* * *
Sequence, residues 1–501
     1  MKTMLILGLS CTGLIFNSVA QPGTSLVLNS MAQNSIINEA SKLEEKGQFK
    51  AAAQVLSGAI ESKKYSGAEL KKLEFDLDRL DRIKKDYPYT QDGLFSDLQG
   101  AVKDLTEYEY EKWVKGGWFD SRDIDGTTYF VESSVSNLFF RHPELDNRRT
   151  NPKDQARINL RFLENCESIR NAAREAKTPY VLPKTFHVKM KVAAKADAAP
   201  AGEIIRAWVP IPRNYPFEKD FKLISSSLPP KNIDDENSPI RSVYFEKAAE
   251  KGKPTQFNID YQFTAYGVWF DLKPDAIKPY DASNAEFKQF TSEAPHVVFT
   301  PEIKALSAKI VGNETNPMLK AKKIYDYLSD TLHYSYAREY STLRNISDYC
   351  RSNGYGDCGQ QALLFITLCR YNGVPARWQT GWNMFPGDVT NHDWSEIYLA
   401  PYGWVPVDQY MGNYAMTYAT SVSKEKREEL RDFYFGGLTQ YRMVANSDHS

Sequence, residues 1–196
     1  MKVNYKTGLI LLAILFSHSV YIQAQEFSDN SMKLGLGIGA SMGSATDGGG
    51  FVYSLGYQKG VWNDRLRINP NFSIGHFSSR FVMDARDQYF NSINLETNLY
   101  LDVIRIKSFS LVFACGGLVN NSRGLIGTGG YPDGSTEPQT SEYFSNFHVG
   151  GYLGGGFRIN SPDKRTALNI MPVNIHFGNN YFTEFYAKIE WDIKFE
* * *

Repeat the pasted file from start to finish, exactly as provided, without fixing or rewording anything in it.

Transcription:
Sequence, residues 1–501
     1  MKTMLILGLS CTGLIFNSVA QPGTSLVLNS MAQNSIINEA SKLEEKGQFK
    51  AAAQVLSGAI ESKKYSGAEL KKLEFDLDRL DRIKKDYPYT QDGLFSDLQG
   101  AVKDLTEYEY EKWVKGGWFD SRDIDGTTYF VESSVSNLFF RHPELDNRRT
   151  NPKDQARINL RFLENCESIR NAAREAKTPY VLPKTFHVKM KVAAKADAAP
   201  AGEIIRAWVP IPRNYPFEKD FKLISSSLPP KNIDDENSPI RSVYFEKAAE
   251  KGKPTQFNID YQFTAYGVWF DLKPDAIKPY DASNAEFKQF TSEAPHVVFT
   301  PEIKALSAKI VGNETNPMLK AKKIYDYLSD TLHYSYAREY STLRNISDYC
   351  RSNGYGDCGQ QALLFITLCR YNGVPARWQT GWNMFPGDVT NHDWSEIYLA
   401  PYGWVPVDQY MGNYAMTYAT SVSKEKREEL RDFYFGGLTQ YRMVANSDHS

Sequence, residues 1–196
     1  MKVNYKTGLI LLAILFSHSV YIQAQEFSDN SMKLGLGIGA SMGSATDGGG
    51  FVYSLGYQKG VWNDRLRINP NFSIGHFSSR FVMDARDQYF NSINLETNLY
   101  LDVIRIKSFS LVFACGGLVN NSRGLIGTGG YPDGSTEPQT SEYFSNFHVG
   151  GYLGGGFRIN SPDKRTALNI MPVNIHFGNN YFTEFYAKIE WDIKFE